I rarely see that look anymore. What I see now are looks of expectations, of familiarity, of comfortable scrutiny. I see him differently now, too. Instead of a partner, I sometimes see him more as a giant, hairy, oversized toddler than a man; waddling with want, incapable of completing the smallest task without direction, and always hungry with need.

Ten years into things, I'm getting hungry too. I like the way my daughter's young swim instructor stands too close, without knowing it. I like his baby face skinny body that smells like chlorine, and nothing else. I like how he gets nervous when I sit with the kids at the edge of the pool. I like how he shivers. I want to make someone shiver. I want to be with someone who makes me feel hot, and wanted and unstoppable and un-wife-like. I want my boyfriend back, not a husband. I want an affair...with the sure boy I fell in love with so long ago.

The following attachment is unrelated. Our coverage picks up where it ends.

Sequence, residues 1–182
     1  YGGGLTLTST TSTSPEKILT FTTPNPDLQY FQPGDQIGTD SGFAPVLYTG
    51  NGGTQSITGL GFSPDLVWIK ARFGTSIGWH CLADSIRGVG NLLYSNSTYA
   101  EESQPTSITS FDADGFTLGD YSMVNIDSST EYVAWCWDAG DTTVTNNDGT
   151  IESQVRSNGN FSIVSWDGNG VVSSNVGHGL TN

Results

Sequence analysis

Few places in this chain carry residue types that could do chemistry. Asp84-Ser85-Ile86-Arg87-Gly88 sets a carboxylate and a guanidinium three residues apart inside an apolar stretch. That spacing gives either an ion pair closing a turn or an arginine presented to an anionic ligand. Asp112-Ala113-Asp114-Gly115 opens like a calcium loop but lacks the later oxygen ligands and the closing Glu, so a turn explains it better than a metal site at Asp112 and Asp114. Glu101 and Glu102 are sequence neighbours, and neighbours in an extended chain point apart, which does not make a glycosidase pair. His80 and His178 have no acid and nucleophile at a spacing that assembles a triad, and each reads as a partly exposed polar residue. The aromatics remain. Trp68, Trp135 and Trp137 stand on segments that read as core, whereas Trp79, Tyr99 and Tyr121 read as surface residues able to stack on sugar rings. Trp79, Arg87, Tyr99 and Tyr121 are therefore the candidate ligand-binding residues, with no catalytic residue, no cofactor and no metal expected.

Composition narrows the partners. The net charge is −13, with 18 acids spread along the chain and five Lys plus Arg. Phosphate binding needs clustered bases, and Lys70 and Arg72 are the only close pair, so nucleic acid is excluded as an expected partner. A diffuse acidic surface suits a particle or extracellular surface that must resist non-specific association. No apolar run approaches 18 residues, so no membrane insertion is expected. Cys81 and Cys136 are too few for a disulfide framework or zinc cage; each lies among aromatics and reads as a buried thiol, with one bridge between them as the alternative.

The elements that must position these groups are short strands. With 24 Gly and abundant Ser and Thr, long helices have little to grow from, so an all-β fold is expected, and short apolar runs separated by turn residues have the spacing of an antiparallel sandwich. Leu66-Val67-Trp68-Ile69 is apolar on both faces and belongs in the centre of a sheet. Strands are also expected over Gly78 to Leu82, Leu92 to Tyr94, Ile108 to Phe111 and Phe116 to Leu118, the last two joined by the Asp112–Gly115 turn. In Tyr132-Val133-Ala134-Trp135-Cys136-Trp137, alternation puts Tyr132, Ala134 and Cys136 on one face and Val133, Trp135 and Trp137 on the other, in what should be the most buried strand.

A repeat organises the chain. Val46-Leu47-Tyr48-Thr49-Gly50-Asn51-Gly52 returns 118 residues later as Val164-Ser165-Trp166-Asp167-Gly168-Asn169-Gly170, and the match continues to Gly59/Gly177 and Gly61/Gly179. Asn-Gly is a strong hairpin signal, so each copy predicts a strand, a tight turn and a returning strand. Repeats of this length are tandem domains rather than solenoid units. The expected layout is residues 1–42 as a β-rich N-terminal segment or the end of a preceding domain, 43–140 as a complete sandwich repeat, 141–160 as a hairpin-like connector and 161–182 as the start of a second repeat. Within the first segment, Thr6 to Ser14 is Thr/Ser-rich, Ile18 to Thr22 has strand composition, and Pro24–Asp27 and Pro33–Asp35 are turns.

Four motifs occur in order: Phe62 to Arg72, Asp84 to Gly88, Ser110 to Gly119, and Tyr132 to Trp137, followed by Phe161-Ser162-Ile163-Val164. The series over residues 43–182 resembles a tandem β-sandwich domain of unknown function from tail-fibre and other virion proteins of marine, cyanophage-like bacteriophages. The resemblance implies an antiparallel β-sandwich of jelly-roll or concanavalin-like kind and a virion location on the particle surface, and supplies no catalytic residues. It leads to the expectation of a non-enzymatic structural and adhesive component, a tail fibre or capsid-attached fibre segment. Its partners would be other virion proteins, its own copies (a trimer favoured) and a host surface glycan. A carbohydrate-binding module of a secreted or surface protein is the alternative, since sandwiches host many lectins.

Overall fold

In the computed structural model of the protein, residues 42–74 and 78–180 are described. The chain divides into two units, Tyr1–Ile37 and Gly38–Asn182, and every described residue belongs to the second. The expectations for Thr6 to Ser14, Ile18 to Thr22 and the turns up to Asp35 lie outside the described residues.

Tonight we're celebrating our five year wedding anniversary. My dad has agreed to take our daughter for the evening. He has strict instructions not to bring her back until after 10:00pm. It's not quite the fantasy I had hoped for. I had hoped we would be in Vegas. I had hoped for a weekend of naughtiness, of drive through vow renewals, of drunk, dark fantasies. But domestic devotion wins again. At 2 ½, our daughter is no more ready to be left than she was as a newborn. And I'm not quite ready to traumatize her for the sake of naughtiness. Yet.